Antenatal care is a specialized pattern of care organized for the pregnant women to enable them attain and maintain a state of good health throughout pregnancy to improve their chances of having a safe delivery of a healthy infant at term.[1] The major objective of antenatal care is to ensure optimal health outcomes for the mother and her baby.[1],[2],[3] It entails series of consultations and follow-up offered by a specialized health worker (doctors, midwives, and trained auxiliary nurse) with the aim of monitoring pregnancy and fetal growth, early detection of complications and prompt treatment, and prevention of diseases through immunization and micronutrient supplementation.[4],[5] It also ensures birth preparedness and complication readiness and general health promotion through health messages and counseling for pregnant women.[1],[4],[5]

The World Health Organization (WHO) introduced different antenatal care models over 15 years to improve maternal and child outcome. The traditional form which involves a series of visits every 4 weeks until 28 weeks and then fortnightly till 36 weeks and every week until delivery was challenging in resource-constricted countries. In 2001, focused antenatal care model was introduced, involves fewer (four) visits, and focuses on the quality of care and not quantity.[6],[7] Four visits were recommended for developing countries due to financial challenges. However, less frequent visits did not solve the problem in reduction in perinatal and maternal mortality, pregnancy complications, and led to less satisfaction with the reduced visit. New WHO guidelines recommend eight visits instead of four during the pregnancy, which provides greater opportunity to meet health provider, to increase chances in diagnosing complications, to implement preventive measures, and to improve communication between pregnant woman and her medical practitioner. It recommends visits as the first contact in the first 12 weeks and subsequently at 20, 26, 30, 34, 36, 38, and 40 weeks' gestation.[7],[8]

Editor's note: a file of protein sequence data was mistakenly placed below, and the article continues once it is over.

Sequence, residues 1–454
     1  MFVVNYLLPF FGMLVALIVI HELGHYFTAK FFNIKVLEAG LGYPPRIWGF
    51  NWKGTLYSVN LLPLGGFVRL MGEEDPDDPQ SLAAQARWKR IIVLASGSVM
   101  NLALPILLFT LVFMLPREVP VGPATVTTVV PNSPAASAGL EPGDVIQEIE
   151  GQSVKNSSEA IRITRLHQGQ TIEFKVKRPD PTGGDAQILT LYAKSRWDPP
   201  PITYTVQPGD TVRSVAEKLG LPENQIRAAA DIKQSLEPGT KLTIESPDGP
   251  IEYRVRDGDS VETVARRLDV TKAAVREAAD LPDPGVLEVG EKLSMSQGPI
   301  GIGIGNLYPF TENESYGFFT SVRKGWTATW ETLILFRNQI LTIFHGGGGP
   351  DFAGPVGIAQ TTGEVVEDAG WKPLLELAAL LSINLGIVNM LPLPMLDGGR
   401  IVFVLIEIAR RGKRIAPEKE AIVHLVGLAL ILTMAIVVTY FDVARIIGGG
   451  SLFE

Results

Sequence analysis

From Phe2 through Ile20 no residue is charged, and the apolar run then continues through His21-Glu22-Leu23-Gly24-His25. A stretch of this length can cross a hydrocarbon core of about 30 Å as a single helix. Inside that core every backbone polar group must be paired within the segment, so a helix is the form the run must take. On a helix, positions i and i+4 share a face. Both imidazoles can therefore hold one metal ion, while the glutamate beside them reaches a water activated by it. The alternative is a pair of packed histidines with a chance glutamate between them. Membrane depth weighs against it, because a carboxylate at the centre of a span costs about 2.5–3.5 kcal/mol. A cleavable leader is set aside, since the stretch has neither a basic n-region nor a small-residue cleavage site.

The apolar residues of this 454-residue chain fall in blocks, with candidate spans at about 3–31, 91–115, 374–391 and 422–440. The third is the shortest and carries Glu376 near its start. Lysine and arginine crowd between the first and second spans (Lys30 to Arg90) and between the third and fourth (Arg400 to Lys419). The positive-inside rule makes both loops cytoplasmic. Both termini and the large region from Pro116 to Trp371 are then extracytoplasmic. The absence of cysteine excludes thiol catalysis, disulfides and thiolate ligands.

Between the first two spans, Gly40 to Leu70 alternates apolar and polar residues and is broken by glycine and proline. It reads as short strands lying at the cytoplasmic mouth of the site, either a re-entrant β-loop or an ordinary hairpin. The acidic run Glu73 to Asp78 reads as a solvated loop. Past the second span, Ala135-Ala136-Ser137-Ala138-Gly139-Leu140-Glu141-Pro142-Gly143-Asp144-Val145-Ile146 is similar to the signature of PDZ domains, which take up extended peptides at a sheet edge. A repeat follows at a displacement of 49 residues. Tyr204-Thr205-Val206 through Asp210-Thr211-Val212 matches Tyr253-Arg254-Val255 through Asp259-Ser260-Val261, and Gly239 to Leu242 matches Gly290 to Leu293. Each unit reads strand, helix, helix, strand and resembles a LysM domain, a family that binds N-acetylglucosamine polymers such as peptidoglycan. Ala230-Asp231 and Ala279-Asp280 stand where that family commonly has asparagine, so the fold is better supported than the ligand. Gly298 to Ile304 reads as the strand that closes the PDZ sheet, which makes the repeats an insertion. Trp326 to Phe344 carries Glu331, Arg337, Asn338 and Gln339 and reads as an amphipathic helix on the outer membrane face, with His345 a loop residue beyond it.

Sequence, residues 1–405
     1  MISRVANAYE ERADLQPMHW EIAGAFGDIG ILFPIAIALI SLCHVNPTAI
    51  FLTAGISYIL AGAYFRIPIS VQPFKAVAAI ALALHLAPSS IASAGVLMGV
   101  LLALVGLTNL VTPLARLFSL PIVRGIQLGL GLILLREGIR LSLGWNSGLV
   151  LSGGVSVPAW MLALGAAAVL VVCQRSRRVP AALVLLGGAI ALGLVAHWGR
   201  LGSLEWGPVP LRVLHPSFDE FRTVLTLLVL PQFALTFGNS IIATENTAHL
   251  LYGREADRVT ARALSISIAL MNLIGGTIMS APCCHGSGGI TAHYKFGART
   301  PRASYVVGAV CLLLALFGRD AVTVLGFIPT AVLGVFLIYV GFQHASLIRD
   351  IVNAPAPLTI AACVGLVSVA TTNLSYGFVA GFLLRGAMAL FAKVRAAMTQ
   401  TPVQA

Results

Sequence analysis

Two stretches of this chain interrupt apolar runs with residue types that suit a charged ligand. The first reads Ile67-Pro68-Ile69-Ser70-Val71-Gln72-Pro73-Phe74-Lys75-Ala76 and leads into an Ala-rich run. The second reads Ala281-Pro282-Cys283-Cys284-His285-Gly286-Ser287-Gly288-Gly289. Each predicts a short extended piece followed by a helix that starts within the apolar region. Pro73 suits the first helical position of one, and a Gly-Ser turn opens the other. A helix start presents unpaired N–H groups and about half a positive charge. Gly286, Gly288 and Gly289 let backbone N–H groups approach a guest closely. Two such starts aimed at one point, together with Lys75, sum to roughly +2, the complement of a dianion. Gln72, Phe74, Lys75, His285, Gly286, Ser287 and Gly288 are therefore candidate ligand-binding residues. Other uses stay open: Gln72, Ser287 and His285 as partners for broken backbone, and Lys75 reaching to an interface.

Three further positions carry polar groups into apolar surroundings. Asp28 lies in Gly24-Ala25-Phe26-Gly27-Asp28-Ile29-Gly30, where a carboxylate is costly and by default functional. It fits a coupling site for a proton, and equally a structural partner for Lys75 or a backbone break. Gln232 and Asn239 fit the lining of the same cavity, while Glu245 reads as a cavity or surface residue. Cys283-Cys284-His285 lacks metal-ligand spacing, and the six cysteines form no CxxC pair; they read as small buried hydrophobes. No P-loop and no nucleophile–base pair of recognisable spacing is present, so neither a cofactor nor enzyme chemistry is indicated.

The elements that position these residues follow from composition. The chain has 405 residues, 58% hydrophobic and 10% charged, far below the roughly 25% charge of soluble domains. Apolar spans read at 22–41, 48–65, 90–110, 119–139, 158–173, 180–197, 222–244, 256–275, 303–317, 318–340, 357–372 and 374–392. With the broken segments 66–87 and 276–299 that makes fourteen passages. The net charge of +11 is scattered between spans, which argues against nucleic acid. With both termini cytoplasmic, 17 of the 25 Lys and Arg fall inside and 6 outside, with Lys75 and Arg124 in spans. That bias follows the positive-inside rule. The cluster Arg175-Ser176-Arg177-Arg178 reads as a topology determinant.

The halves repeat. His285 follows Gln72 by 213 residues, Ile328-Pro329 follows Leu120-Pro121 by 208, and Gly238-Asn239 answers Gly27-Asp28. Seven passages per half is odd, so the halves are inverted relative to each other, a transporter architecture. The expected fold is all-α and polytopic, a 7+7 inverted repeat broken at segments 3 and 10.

Globally, 86% of pregnant women access antenatal care with skilled health personnel at least once with only three in five (62%) receiving at least four antenatal visits.[9]

In regions with the highest rates of maternal mortality, such as sub-Saharan Africa and South Asia, even fewer women receive at least four antenatal visits (52% and 46%, respectively).[9]

The 2013 Nigeria demographic health survey showed that only about 61% of women received antenatal care services from trained personnel.[4]

There is an inverse relationship between antenatal care utilization and maternal mortality ratio (MMR) with nations having a higher antenatal care uptake having much lower MMR compared with those with low antenatal care (ANC) coverage.[2],[10],[11] Factors limiting utilization of antenatal care services range from maternal educational status, age, financial status, cultural differences, accessibility to health-care facility, and delays in receiving health-care services even within health facilities.[2],[3],[4],[12],[13]